Tested: Crimson Trace LS-250G Lasersaddle

posted on March 27, 2019

Since essentially creating the firearm-mounted laser sight industry back in 1994, Crimson Trace has steadily expanded its product lineup in order to offer sighting systems compatible with an ever broadening swath of guns on the market. In late 2018, the Oregon-based company brought its first dedicated shotgun laser sight to the consumer—the LS-250 Lasersaddle. Available in both red- and green-laser versions, the green iteration of this innovative new product, the LS-250G, is the subject of this review.

Designed for use with pump-action 12-ga. Mossbergs—including Model 500/590 shotguns and the Shockwave—the Lasersaddle is a lightweight, low-profile polymer unit that wraps around the top and right surfaces of the host’s receiver. A laser emitter located at the vertex of the housing’s two sides produces a 5-milliwatt beam that projects forward along the upper right side of the gun. It subtends to 0.5" at 50 ft.

Crimson Trace designed the Lasersaddle with three activation pads, all located so that they ride the right side of the host firearm’s receiver. The bottom two are positioned directly above the trigger guard for use by a right-handed shooter’s trigger finger. The third pad, farther back toward the host’s tang, is most easily actuated by a left-handed user’s thumb. All three are constant-on/constant-off pressure pads.

Also found on the right side of the Lasersaddle are a master on/off switch and a flush-fitting battery compartment. The LS-250G utilizes four CR2016 batteries and offers approximately two hours of continuous use, while the red-laser model instead takes two CR2032 batteries and enjoys a longer, four-hour battery life. With either variant, the batteries can conveniently be changed without removing the sight from the firearm.

The company configures the Lasersaddle for a 50-ft. zero at the factory, and throughout approximately 100 rounds of heavy-recoil testing, the zero did not wander. However, inserting an included hex key into small holes in the laser emitter allows the user to engage set screws that shift the laser’s point of impact to meet his or her needs. The top screw adjusts the sight’s elevation; the side screw alters the windage.

Installation is simple, taking about five minutes using only the tools included with the Lasersaddle, and the process is equally easy to reverse, should the shooter ever want to remove the unit. It’s simply a matter of pushing out the Mossberg’s trigger housing pin and removing the four factory screws located in the top of the receiver, positioning the housing into place, then installing the supplied Crimson Trace trigger housing pin and elongated receiver screws. Very light and unobtrusive, the Lasersaddle weighs only about 2 ozs., and features a cutout in the top of the housing for access to the Mossberg’s tang-mounted safety—and use of the sight does not preclude the installation of an accessory rail atop the host’s receiver.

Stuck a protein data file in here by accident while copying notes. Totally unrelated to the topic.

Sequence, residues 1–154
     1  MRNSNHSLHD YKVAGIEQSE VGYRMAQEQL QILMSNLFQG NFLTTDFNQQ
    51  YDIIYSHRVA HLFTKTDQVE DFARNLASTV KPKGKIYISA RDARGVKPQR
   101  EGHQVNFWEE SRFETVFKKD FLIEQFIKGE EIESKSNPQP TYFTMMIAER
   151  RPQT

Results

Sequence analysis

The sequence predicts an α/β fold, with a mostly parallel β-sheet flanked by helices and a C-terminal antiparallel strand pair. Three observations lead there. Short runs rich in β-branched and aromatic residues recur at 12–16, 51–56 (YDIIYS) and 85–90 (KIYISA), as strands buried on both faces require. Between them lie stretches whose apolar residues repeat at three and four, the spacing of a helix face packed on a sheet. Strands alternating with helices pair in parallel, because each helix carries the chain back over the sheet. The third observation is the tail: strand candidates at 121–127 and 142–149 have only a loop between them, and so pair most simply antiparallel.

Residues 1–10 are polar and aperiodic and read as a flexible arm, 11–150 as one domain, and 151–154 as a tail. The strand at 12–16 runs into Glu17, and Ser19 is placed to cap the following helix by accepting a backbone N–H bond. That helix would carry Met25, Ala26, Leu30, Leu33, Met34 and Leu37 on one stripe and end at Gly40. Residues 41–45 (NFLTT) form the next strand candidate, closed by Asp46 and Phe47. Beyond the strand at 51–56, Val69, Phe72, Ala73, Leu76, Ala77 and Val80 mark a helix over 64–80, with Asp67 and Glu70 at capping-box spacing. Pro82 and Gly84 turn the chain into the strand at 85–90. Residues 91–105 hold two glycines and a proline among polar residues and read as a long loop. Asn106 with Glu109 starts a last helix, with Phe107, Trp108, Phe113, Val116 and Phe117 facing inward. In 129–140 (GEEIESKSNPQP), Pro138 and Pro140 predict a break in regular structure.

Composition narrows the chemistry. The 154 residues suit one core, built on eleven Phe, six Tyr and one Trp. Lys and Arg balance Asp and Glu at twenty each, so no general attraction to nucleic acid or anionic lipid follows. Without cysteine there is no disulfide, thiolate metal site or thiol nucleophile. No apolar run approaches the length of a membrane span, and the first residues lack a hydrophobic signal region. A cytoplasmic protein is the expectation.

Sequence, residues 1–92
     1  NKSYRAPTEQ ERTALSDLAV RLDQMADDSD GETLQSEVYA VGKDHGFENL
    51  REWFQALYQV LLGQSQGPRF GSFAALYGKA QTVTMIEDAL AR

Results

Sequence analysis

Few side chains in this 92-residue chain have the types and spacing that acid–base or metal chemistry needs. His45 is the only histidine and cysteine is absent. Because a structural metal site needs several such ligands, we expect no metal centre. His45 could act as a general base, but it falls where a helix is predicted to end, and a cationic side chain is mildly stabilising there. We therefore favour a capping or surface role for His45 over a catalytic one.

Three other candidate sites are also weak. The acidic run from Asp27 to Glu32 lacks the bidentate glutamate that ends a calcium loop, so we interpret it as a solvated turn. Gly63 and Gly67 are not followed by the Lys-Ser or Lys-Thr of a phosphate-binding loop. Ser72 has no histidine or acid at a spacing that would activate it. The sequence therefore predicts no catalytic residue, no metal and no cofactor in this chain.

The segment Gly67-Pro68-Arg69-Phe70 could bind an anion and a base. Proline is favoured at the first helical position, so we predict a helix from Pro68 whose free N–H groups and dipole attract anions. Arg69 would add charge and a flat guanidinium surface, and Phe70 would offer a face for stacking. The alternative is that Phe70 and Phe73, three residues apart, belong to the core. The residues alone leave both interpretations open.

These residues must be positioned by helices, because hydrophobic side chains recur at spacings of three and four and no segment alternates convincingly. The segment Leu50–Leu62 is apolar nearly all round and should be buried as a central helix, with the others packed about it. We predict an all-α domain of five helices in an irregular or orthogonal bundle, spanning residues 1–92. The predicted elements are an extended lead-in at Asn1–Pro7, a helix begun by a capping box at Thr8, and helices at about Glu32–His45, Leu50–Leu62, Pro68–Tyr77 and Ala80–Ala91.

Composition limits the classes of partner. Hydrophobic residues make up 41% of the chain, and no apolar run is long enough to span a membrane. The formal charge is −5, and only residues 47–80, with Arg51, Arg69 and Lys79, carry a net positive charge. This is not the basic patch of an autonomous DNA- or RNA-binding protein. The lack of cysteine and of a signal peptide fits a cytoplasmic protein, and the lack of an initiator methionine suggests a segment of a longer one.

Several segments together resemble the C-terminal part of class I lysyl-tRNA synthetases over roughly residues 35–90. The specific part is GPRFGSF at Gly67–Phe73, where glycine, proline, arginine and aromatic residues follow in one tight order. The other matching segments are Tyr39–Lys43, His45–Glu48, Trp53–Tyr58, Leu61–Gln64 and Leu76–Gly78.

In testing the sight, we first installed the LS-250G aboard a 12-ga. Shockwave and then a Mossberg 590M in order to verify compatibility with both platforms, and experienced no complications of any kind in doing so. While the aiming point of the Lasersaddle offered quicker target acquisition with both hosts, its utility when paired with the Shockwave was especially apparent. Raising this firearm up to eye level in order to aim it can be a dicey proposition—particularly in its 12-ga. guise—and the Lasersaddle allowed shooters to make fast, accurate shots, even from the hip, while requiring zero rail space.

At present, the Lasersaddle is suitable for use only with Mossberg’s 12-ga. pump-actions, as the receivers of the smaller gauges are scaled differently, and the placement of the trigger housing pin on the company’s semi-automatic Model 930s render them incompatible with the LS-250G. But here’s hoping that Crimson Trace is already working on new SKUs of the Lasersaddle that are compatible with additional gauges, actions and manufacturers/makes, as we found it to be a durable and relatively inexpensive accessory that adds real functionality to the firearms onto which it is installed. MSRP: $219. Contact: Crimson Trace; (800) 442-2406; crimsontrace.com.


ARTV2907RR Model70supergrade 1
ARTV2907RR Model70supergrade 1

Rifleman Review: Winchester Model 70 Super Grade Maple

Watch this American Rifleman Television segment of "Rifleman Review" from 2020 to learn more about the Winchester Model 70 Super Grade Maple in .308 Win.

The G36: Glock's Subcompact .45

Introduced in 1999, the Glock G36 offers the power of a .45 ACP chambering in a small and relatively lightweight package.

2021 Rifle of the Year: Benelli Lupo

American Rifleman is pleased to announce 2021 Rifle of the Year goes to Benelli USA for its Lupo bolt action.

Sonoran Desert Institute Honored for Veteran Hiring Efforts

Sonoran Desert Institute was recognized by the U.S. Department of Labor for its efforts in hiring and recruiting veterans with the 2021 HIRE Vets Medallion Award.

NRA 150: First Gold For American Riflemen

The modern Olympics, as we know them today, started in 1896, and there were shooting events at the games as early as Athens in 1906. After all, the man who put the games together, Baron Pierre de Coubertin, was himself a French pistol champion. Neither the United States nor Great Britain sent rifle teams to Athens, but that changed for the 1908 Olympic Games in London.

New For 2021: Springfield Armory 1911 Ronin EMP

Springfield Armory blended features from its Ronin 1911 lineup with its popular carry-size EMP pistol to create a carry-friendly 1911 with top-tier elements.


Get the best of American Rifleman delivered to your inbox.